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    Ski/Snowboard Structuring Guide

    Guide to Structuring Ski or Snowboard Bases

    Tools and Supplies Required:

    Structuring your ski or snowboard base is a crucial step in enhancing glide efficiency and maneuverability on the slopes. Here’s everything you need to know about base structuring:

    Understanding Structure:

    • Structure refers to the pattern of grooves or ridges on the base of your ski or snowboard.
    • It helps break up suction between the base and the snow, improving glide, especially in wet conditions.
    • The right structure pattern depends on factors like snow temperature, humidity, and crystal size.

    Choosing the Right Structure:

    • In cold, dry snow conditions, a fine structure with closely spaced ridges is ideal to generate friction and create water for better glide.
    • In warm, wet snow conditions, a coarser structure with wider-spaced ridges helps channel excess water away to prevent suction.
    • The size of the ridges should be smaller than the snow crystals to avoid drag.

    Types of Structure Patterns:

    • Linear structures: Straight grooves running from tip to tail, suitable for a wide range of conditions.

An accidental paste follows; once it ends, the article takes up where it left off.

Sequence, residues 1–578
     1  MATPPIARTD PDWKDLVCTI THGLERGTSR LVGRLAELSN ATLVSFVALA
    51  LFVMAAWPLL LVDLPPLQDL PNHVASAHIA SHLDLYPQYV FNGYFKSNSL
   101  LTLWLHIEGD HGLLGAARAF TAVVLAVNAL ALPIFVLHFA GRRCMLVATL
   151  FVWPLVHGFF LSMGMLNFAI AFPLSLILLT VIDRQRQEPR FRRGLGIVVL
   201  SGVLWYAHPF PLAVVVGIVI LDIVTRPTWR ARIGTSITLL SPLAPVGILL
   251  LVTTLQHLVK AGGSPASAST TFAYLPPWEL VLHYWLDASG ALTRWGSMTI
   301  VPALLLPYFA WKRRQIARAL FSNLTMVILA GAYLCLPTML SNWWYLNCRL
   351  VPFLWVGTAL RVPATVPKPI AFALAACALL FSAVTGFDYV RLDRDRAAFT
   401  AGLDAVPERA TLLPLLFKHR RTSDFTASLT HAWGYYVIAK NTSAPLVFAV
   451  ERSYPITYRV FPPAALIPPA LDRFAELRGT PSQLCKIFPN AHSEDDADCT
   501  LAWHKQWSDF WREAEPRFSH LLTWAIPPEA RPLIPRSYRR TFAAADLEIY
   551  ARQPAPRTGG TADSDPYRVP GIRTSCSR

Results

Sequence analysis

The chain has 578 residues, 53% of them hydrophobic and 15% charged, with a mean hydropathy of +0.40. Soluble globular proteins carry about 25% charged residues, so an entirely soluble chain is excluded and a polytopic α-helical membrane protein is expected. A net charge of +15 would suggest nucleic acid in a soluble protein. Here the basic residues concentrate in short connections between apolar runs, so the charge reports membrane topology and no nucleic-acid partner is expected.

• Broken linear patterns: Short, random structure lines also running straight from tip to tail.
    • Cross-hatch or diagonal structures: Intersecting patterns created by a stone grinder, preferred for specific racing disciplines like slalom and giant slalom.

    Structuring Techniques:

    • Hand structuring: Imparting a basic linear pattern at home using hand tools.
    • Stone grinding: Visiting a professional shop for a stone grind to achieve specific structure patterns.
    • Choose the appropriate structure depth based on the intended use, snow conditions, and ski/board type.

    Tips for Effective Structuring:

    • Regularly inspect the base for damage or excessive wear before structuring.
    • Maintain sharp tools to ensure clean and precise cutting or pressing of the structure.
    • Consider the temperature, humidity, and snow conditions when selecting the structure pattern.
    • Adjust the structure pattern throughout the season to adapt to changing snow conditions and temperatures.

    Structuring Wide Skis and Snowboards:

    • Shaped or powder skis and snowboards benefit from structuring to overcome greater friction and suction due to their wider forebodies.

    Structuring Depth and Durability:

    • Coarser structures are suitable for high-speed racing but avoid excessively deep patterns that may affect maneuverability.
    • Cutting in a structure is more durable than pressing it in, ensuring longer-lasting performance.
    • Regularly monitor the base structure and renew it as needed based on snow conditions and wear.

    By following these guidelines and understanding the principles of base structuring, you can optimize the performance of your ski or snowboard in various snow conditions and enjoy smoother gliding and better control on the mountain.

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